As great as WordPress has been for the web developers among us, beginners and casual website owners have remained rather unimpressed with WordPress’s abilities. This is all about to change with the release of WordPress 5.8 scheduled for July 20.
I mean, sure, WordPress has always been powerful enough to handle any task you might throw at it, but the difficult part was learning how to use the platform to its full potential. In plain English, WordPress has often been criticized as not being user-friendly enough.
This is where the simplistically-named “full site editing” comes into play.
Today, we look into what full site editing (FSE) is and how it can help you, the user, flatten the learning curve of WordPress.
What is full site editing?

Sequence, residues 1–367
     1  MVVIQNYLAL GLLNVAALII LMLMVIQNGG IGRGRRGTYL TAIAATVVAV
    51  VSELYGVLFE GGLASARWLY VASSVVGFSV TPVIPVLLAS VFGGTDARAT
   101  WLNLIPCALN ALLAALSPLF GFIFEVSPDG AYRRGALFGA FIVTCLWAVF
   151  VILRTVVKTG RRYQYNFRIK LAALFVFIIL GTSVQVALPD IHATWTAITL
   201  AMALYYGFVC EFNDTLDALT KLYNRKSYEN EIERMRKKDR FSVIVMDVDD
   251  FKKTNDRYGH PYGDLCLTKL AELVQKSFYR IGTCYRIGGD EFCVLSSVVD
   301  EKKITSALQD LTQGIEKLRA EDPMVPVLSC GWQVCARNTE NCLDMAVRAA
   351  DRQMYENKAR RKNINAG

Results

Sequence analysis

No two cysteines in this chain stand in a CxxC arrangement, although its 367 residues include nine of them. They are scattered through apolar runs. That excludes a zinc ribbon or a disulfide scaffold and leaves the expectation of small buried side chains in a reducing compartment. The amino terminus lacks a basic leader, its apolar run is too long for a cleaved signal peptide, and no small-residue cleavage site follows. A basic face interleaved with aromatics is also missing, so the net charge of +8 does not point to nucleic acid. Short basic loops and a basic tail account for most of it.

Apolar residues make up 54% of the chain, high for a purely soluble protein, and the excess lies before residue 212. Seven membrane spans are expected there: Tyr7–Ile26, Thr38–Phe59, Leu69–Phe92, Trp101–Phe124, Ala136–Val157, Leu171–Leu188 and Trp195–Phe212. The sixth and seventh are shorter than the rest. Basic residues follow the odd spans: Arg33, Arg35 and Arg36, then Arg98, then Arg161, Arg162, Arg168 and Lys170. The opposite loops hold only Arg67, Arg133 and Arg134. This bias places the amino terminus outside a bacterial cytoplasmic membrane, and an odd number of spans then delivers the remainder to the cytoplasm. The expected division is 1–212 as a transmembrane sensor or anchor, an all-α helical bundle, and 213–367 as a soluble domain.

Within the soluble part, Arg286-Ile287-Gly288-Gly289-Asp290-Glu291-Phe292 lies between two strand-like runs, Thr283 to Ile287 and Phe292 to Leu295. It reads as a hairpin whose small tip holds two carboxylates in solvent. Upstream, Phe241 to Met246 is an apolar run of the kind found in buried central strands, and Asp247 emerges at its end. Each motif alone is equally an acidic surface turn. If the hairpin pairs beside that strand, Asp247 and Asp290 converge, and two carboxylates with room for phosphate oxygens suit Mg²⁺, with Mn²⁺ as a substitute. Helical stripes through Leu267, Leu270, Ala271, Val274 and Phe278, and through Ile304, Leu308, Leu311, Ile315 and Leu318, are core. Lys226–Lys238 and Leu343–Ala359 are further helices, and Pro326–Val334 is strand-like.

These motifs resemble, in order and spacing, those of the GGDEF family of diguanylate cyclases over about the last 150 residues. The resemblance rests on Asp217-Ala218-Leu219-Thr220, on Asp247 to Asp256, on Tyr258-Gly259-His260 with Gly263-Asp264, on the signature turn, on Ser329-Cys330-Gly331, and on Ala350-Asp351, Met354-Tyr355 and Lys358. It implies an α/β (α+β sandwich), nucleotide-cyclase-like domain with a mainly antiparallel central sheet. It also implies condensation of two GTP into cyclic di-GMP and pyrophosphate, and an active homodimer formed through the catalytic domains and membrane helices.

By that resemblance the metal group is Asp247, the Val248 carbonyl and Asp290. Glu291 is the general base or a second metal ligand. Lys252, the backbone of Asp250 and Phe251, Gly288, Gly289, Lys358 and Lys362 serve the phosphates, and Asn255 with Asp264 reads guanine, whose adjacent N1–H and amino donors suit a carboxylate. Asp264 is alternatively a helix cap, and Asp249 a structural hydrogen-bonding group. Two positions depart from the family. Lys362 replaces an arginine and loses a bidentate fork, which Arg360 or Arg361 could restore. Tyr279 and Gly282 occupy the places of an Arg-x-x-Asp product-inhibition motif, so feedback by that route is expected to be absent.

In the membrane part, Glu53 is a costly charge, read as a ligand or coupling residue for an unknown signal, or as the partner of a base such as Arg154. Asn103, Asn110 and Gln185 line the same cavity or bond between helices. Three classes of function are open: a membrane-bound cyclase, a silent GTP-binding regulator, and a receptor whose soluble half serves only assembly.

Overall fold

Before I can tell you what FSE is exactly, we need to take a quick history lesson. A couple of years ago, Matt Mullenweg, one of the creators of WordPress, introduced the Gutenberg block editor during his Q&A session at WordCamp Europe. This was a huge change in how WordPress handled the process of page/post building.
Before blocks, users only had a simple TinyMCE editor at their disposal. The only way you could work on your pages to customize them was by treating them like a Word doc and hoping that things won’t break as you attempt to move content around.
Blocks changed that. With blocks, your post or page is now a blank canvas on which you can place… well, different blocks. Those blocks can be anything. From text to images, video, audio embeds, galleries, columns, you name it.
At the end of the day, blocks make it much easier to work on what would otherwise be normal blog posts and pages.
Full site editing takes this concept one step further.